During pregnancy the majority of a woman’s abdominal muscles separate to make room for baby. This is normal and in the early postnatal period the muscles begin to repair and go back together.
Doing the correct exercises to aid recovery is important. While there is a gap there is a weakness and certain exercises, such as crunches or strong oblique work, can make this worse or cause the muscles to pull apart. Some exercises put too much pressure on the core and make the problem worse, press ups for example, or working on your hand and knees. If there is a gap then doing an exercise on all fours whilst working against gravity can be very challenging to keep the right muscles activated and literally to stop everything hanging out.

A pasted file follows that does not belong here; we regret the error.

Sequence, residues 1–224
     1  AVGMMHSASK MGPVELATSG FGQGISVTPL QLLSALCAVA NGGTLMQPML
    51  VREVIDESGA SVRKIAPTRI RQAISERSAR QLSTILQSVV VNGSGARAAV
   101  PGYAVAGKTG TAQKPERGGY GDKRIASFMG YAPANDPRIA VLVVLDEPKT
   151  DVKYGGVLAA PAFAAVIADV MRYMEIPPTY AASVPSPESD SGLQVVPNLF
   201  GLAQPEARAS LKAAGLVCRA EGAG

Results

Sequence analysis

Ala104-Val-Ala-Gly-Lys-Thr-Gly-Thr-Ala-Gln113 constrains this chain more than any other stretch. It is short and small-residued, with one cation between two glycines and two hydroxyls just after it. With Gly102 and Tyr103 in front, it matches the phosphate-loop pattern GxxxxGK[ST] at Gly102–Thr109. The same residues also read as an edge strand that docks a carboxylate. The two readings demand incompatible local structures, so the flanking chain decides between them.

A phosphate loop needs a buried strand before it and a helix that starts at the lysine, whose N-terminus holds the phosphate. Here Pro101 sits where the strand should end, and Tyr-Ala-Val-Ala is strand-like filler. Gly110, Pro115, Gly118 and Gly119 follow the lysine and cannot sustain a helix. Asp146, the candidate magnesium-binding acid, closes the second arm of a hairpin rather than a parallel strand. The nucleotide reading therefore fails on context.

The aim with postnatal exercise is to bring the abdominals together and ensure that they are doing their job. Sometimes a gap remains but what is important is function that they are not doming when you are lying on your back or hanging out when on a fours.
Relaxin is an important hormone during pregnancy as it causes the joints to soften and loosen in the pelvis in preparation for delivery. Sadly relaxin doesn't just effect the pelvis, it effects all the joints in the body and it hangs around after delivery for 5 months oe 3 months after you stop breast feeding.
Avoiding high impact exercise is important as you are more prone to injury as the joints are less stable. Relaxin effects different people in different ways and tend to effect mums more the more children they have had.
When participating in exercise technique is key and it is important that you watch this or have an instructor that can keep an eye on you.